Generally defines a logical model for an XML document – as opposed to the data in that document – and stores and retrieves documents according to that model. Has an XML document as its fundamental unit of storage.
Popular Native XML DBMS
MarkLogic                    • Sedna


Navigational DBMS: This type of databases allows access to data sets only via linked records. They were the first established systems able to manage large amounts of data.
Popular Navigational DBMS
IMS                              • IDMS


Object Oriented DBMS: This type of databases stores the information in the form of objects as used in the object oriented programming. Object oriented databases are different from relational databases which are table oriented.
An object oriented DBMS follows an object oriented data model with classes (the schema of objects), properties and methods. An object is always managed as a whole. This means for example, that the insertion of an object, which in a relational system would probably be stored in multiple tables, will be performed automatically as one atomic transaction – without any action by the application program. Reading an object can also be done as a single operation and without complex joins.
There are tools and architectures that are now provided for the storage of objects into relational databases (such as Hibernate or JPA).
Popular object oriented databases are
Cache                                         • ObjectDB


RDF Stores: The Resource Description Framework (RDF) is a methodology for the description of information, originally developed for describing metadata of IT resources. Today it is used much more generally, often in connection with the sematic web, but also in other applications.
The RDF model represents information as triples in the form of subject-predicate-object.
Database management systems, which are able to store and process such triples, are called RDF stores or triple stores.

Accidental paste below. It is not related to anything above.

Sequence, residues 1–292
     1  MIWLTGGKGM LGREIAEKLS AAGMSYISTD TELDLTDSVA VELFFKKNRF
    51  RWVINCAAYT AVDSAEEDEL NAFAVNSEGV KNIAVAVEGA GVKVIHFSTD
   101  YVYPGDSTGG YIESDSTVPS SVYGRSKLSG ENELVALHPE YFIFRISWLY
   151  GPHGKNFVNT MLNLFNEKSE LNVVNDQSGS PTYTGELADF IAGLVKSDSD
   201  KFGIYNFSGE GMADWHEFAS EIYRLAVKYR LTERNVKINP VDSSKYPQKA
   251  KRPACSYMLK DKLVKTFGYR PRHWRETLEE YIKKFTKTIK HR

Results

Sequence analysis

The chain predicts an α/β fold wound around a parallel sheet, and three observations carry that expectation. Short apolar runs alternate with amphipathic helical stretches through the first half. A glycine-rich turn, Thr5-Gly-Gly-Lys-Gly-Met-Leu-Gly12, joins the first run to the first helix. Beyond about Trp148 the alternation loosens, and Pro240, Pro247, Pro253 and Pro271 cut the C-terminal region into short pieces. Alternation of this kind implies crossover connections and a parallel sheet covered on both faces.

Popular RDF stores are
AllegroGraph                               • Jena


Search Engines: Search engines are NoSQL database management systems dedicated to the search for data content. In addition to general optimization for this type of application, the specialization consists in typically offering the following features:
• Support for complex search expressions
• Full text search
• Stemming (reducing inflected words to their stem)
• Ranking and grouping of search results
• Geospatial search
• Distributed search for high scalability
Popular search engines are:
Elasticsearch                               • Solr                                           • Sphinx

Change Liferay Database

This blog will talk about how to change liferay database.

Liferay comes with a default database called “HSQL” or “Hypersonic”. This is not meant for production use however! You might need to switch to a real database to use Liferay. This page documents how to change the default database system.

Database configuration in 6.0, 6.1 is the same as 5.2.

If you need to change the database of liferay, you can choose any database e.g MySQL, PostgreSQL etc. You can change database of liferay in two ways